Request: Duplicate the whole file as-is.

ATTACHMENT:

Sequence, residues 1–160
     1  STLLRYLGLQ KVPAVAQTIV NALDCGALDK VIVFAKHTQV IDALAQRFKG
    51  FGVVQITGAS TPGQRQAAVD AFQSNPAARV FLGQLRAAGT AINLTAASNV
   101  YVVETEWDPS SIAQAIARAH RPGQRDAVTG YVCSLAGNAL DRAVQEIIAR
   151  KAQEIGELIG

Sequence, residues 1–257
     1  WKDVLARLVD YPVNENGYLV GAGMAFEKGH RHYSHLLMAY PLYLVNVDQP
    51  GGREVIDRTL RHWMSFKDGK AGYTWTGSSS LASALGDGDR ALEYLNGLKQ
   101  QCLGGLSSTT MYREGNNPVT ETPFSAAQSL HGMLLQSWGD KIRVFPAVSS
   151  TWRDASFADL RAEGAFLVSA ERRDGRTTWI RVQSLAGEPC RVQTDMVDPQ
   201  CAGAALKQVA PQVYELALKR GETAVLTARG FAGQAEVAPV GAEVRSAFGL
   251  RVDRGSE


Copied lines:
Sequence, residues 1–160
     1  STLLRYLGLQ KVPAVAQTIV NALDCGALDK VIVFAKHTQV IDALAQRFKG
    51  FGVVQITGAS TPGQRQAAVD AFQSNPAARV FLGQLRAAGT AINLTAASNV
   101  YVVETEWDPS SIAQAIARAH RPGQRDAVTG YVCSLAGNAL DRAVQEIIAR
   151  KAQEIGELIG

Sequence, residues 1–257
     1  WKDVLARLVD YPVNENGYLV GAGMAFEKGH RHYSHLLMAY PLYLVNVDQP
    51  GGREVIDRTL RHWMSFKDGK AGYTWTGSSS LASALGDGDR ALEYLNGLKQ
   101  QCLGGLSSTT MYREGNNPVT ETPFSAAQSL HGMLLQSWGD KIRVFPAVSS
   151  TWRDASFADL RAEGAFLVSA ERRDGRTTWI RVQSLAGEPC RVQTDMVDPQ
   201  CAGAALKQVA PQVYELALKR GETAVLTARG FAGQAEVAPV GAEVRSAFGL
   251  RVDRGSE